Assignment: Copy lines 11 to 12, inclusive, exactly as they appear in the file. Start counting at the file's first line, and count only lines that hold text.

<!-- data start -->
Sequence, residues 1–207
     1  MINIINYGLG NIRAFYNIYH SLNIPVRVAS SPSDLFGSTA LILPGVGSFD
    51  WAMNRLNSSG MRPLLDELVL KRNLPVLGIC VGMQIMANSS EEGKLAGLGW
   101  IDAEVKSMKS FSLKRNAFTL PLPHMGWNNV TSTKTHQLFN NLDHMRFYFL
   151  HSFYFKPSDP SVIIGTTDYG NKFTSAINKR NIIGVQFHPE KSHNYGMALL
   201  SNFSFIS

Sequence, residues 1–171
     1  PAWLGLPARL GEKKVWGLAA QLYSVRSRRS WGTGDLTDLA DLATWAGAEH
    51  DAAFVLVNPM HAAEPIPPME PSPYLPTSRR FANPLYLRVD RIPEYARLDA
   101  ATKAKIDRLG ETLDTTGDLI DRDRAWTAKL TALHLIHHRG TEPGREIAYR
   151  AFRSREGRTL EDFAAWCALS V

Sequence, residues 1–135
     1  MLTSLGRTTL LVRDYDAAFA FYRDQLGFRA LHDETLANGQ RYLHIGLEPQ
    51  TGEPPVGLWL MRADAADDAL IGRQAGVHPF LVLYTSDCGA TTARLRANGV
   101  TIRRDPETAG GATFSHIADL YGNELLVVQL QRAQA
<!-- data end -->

   151  AFRSREGRTL EDFAAWCALS V

Sequence, residues 1–135